-0.1
0
0.1
0.2
0.3
0.4


i
RGGR
i
CG’
v
DS
(V)
v
GS
(V)
i
GG
(A)
0 2E-08 4E-08 6E-08 8E-08 1E-07
0
100
200
300
400






0 2E-08 4E-08 6E-08 8E-08 1E-07
0
1
2
3
4


0 2E-08 4E-08 6E-08 8E-08 1E-07
-1
-0.5
0
0.5
1


v
DS
(V)
v
GS
(V)
v
Ls
(V)
0 2E-08 4E-08 6E-08 8E-08 1E-07
0
1
2
3
4


0 2E-08 4E-08 6E-08 8E-08 1E-07
0
100
200
300
400


0 2E-08 4E-08 6E-08 8E-08 1E-07
0
0.2
0.4
0.6
0.8


i
CG’
i
GG
v
DS
(V)
v
GS
(V)
i
GG
(A)
266
Motor Control Power Semiconductor Applications
Philips Semiconductors
Figure 19 shows the response of the circuit of Figure 13
with C
GS
‘=10nF. Here the gate-source voltage is held down
during the parasitic turn-on period and so the MOSFET
stays off. If the value of C
GS
‘ is reduced to 4.7nF then the
results given in Fig.20 showthat v
GS
reaches 3V after 55ns
thus reducing immunity to parasitic turn-on.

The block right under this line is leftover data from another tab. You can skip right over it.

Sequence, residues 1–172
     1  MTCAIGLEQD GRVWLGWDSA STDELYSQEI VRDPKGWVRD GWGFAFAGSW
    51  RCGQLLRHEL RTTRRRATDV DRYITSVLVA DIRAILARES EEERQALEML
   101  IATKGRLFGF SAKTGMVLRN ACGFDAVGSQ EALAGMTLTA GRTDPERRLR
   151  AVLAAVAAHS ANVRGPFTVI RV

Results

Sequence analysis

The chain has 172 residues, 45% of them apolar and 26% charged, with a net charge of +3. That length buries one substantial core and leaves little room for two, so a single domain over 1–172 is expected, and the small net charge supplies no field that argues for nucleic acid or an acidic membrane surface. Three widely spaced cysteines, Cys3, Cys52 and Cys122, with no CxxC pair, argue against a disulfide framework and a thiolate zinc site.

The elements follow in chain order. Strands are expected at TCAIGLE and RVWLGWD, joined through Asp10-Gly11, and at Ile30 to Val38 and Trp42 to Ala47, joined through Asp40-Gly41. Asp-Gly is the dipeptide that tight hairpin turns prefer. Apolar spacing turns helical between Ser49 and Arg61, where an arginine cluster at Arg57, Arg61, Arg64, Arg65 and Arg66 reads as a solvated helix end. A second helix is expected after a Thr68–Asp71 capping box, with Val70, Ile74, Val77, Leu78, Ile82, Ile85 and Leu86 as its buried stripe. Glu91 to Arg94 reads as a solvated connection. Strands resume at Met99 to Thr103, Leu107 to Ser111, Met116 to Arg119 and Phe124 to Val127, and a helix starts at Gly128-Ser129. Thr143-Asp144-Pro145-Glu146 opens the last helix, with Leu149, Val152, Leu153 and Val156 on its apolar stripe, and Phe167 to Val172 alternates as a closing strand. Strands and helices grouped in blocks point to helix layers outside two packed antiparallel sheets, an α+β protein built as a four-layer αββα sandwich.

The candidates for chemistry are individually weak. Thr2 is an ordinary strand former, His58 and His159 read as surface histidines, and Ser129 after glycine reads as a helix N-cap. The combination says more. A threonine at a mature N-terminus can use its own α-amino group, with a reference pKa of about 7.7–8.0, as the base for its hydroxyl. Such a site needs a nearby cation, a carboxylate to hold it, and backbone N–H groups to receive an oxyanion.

Figures 21 and 22 show the conditions for parallel
connected MOSFETs using the circuit of Fig.16. In Fig.21,
for R
GG1
=47Ω, R
GG
‘=10Ω and C
GS
‘=20nF, the bottom trace
in the figure shows that a potential parasitic turn-on
condition is avoided and v
GS
is held below its threshold
value. The bottom trace in Fig.21 shows most of the
parasitic turn-on current is taken by C
GS
‘. Figure 22 shows
the effect of stray inductance between the gate drive circuit
and the PowerMOS device. The circuit of Fig.16 has been
modified by the addition of 20nH of stray inductance
between the gate node and the dv/dt clamping network.
During switching of the top device with dv/dt=3.5V/ns the
stray inductance develops over 0.6V due to coupling via
C
GD
. Clearly this could significantly affect the performance
of the drive during normal turn-on, and increase the
prospect of the bottom MOSFET being subject to parasitic
turn-on problems.
These results show that immunity to parasitic turn-on can